Zeppelins of the time had a useful load of around 10,000 lb (4,500 kg) and were capable of flying at 37 mph (60 km/h). The Vickers design was intended to be moorable on water, carry wireless equipment, be capable of 40 kn (46 mph; 74 km/h) for 24 hours, have a ceiling of 1,500 ft (460 m), and carry a crew of 20 in comfort. The mooring was to be to a mooring mast, a practice that the British were the first to adopt as standard, and Mayfly was the first rigid airship to be fitted with the mooring equipment in the nose of the ship.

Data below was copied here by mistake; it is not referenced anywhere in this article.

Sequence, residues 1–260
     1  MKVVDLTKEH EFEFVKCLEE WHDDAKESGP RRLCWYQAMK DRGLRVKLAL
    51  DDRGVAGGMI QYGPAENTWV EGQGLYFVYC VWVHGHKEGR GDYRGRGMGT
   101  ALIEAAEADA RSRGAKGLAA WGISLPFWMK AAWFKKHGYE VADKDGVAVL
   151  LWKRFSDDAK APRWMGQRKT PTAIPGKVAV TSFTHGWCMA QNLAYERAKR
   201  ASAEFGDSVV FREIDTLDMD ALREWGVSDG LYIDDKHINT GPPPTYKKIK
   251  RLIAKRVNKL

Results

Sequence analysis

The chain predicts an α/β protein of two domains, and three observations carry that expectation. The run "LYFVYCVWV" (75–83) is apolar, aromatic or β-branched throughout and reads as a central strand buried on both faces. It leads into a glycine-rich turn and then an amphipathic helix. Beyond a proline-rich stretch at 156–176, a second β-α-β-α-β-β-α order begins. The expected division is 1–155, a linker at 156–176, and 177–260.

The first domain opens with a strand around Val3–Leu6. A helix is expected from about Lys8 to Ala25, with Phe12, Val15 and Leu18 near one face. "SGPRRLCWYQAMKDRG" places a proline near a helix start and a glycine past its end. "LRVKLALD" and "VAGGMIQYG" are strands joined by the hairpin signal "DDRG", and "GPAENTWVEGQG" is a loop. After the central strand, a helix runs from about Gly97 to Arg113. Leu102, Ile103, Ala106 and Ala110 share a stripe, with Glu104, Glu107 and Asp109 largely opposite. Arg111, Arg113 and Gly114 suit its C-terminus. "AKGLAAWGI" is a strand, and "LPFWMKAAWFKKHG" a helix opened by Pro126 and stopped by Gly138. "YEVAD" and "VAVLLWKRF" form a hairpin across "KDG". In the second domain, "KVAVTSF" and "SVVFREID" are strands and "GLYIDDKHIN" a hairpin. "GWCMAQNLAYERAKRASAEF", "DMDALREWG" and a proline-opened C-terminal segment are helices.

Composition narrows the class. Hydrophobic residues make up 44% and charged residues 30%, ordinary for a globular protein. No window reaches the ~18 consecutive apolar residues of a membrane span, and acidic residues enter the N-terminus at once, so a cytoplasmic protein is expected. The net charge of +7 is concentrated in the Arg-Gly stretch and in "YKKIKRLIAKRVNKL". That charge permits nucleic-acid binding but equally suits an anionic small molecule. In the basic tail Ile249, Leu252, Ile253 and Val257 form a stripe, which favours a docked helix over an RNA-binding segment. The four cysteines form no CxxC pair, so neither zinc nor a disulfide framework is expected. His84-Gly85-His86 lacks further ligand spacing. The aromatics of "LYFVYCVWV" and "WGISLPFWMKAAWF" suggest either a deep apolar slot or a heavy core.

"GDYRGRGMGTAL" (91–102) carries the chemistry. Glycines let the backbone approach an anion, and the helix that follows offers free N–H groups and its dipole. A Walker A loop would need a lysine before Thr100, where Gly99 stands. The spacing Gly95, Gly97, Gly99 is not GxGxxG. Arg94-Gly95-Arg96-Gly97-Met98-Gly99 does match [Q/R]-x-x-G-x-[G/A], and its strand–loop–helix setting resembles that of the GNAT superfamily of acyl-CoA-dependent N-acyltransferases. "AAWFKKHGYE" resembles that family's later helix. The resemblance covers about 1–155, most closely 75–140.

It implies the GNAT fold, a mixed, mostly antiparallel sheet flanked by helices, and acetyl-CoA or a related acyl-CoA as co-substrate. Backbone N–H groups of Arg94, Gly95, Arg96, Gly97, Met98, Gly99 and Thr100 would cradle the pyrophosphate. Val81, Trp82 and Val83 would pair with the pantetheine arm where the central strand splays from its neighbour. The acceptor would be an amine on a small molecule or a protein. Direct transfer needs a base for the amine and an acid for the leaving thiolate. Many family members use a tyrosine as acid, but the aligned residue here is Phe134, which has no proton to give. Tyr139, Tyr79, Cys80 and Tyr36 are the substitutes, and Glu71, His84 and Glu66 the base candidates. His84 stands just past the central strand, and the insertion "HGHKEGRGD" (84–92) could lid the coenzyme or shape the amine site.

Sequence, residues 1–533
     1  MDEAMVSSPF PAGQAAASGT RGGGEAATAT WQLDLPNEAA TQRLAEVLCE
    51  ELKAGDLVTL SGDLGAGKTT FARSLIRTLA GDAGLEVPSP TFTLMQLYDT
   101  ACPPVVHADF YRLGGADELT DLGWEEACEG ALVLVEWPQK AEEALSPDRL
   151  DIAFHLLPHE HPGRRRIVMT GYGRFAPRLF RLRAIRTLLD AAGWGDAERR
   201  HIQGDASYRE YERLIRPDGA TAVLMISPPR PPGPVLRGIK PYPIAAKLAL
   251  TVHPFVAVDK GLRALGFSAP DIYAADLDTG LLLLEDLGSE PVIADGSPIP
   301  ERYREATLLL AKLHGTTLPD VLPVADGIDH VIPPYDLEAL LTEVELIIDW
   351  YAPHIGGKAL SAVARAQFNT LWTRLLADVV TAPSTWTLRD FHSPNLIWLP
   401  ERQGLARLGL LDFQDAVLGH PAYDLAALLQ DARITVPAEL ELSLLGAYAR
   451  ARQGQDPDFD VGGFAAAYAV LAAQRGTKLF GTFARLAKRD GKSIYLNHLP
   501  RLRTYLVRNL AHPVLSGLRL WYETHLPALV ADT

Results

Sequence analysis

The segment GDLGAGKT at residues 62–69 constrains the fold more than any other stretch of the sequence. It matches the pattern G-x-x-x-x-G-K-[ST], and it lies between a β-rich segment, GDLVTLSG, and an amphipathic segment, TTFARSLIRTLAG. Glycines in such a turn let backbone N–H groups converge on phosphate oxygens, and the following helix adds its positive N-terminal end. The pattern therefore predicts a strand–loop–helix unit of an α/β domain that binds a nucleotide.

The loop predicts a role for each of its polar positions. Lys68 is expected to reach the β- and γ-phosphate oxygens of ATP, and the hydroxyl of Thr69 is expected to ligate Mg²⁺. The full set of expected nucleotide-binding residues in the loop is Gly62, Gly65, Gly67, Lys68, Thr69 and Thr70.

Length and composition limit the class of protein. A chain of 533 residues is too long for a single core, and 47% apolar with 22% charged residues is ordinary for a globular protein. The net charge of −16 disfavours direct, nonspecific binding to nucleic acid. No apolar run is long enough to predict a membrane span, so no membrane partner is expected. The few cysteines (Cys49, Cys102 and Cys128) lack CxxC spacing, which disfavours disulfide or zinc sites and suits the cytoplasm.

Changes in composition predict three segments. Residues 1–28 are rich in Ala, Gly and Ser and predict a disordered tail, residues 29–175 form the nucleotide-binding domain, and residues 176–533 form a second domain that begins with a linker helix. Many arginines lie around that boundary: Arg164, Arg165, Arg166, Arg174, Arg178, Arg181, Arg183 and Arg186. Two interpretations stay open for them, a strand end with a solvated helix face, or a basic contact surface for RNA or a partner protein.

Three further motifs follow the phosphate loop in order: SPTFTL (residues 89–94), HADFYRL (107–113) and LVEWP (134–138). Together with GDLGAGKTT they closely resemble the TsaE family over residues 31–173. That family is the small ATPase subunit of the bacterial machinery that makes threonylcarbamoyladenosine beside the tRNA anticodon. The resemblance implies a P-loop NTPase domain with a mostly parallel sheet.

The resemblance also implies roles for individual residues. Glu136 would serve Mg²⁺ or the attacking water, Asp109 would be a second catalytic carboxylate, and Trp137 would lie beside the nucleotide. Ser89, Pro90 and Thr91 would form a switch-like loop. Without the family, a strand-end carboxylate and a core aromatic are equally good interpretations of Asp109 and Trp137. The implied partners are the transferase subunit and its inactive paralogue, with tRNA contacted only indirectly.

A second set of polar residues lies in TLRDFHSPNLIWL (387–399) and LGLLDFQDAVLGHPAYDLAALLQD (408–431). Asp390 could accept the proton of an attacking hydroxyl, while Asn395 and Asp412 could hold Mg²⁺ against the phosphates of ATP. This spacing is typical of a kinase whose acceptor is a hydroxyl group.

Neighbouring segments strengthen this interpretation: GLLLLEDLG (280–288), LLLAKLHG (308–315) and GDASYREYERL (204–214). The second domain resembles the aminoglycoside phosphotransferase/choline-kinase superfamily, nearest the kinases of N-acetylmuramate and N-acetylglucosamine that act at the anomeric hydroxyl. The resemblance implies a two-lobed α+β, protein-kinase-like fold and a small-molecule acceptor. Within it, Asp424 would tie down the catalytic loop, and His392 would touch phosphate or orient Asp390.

Before construction began an experimental section was constructed. This used a variety of construction techniques: one end used hollow timber spars, the centre frame used a combination of timber and aluminium, while the other end used aluminium only. Although wood proved the most satisfactory, the Admiralty preferred metal. In late 1909 duralumin became available, and it was decided to use this new alloy, which would allow a considerable weight saving while also forming a stronger structure. The use of Duralumin preceded its use by Zeppelin by four years. Development of HMA No. 1 involved essentially inventing the technology necessary and considerable experimentation in materials and manufacturing techniques was required before the final manufacturing processes were decided upon. The hull was made up of 40 twelve-sided transverse frames spaced 12.5 ft (3.8 m) apart: some of which were cross-braced by wires, dividing the structure into 17 bays of irregular length, varying from 12.5 ft to 37.5 ft (3.8 m to 11.4 m). The frames were connected by 12 longitudinal girders and a triangular section keel below the main structure. The hull shape was based on work by the American aerodynamicist Albert Zahm, and its head resistance was claimed to be 40% of that of contemporary Zeppelins. A fully streamlined shape had been proposed, but was rejected by the Admiralty as being too difficult to construct. It was not until 1918 that a truly streamlined airship, the R80, was designed.